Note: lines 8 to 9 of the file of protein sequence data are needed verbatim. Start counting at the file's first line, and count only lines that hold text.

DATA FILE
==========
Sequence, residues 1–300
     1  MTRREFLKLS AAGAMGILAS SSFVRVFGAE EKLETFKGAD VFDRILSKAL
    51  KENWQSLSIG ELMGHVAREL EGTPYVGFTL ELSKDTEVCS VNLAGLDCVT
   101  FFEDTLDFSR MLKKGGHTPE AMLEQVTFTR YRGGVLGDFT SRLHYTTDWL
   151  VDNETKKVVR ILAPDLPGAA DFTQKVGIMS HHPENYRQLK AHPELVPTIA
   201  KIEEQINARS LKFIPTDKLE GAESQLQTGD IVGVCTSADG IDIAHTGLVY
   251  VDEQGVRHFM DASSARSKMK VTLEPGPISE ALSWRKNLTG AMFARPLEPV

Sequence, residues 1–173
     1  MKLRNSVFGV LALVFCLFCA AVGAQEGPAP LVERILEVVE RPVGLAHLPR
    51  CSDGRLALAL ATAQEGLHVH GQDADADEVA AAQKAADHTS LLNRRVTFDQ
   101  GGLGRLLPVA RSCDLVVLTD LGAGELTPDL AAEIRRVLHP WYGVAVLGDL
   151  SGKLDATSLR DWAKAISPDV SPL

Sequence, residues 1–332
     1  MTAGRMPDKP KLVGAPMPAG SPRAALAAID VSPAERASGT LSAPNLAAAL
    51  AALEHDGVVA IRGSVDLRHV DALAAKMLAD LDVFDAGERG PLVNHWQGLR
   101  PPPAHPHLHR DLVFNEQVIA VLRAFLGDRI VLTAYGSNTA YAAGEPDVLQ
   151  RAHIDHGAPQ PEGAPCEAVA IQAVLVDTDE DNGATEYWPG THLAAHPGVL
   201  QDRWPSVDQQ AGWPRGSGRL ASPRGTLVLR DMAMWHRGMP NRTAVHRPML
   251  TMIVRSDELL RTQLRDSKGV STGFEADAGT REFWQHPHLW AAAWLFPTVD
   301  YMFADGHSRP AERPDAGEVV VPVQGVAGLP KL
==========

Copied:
Sequence, residues 1–173
     1  MKLRNSVFGV LALVFCLFCA AVGAQEGPAP LVERILEVVE RPVGLAHLPR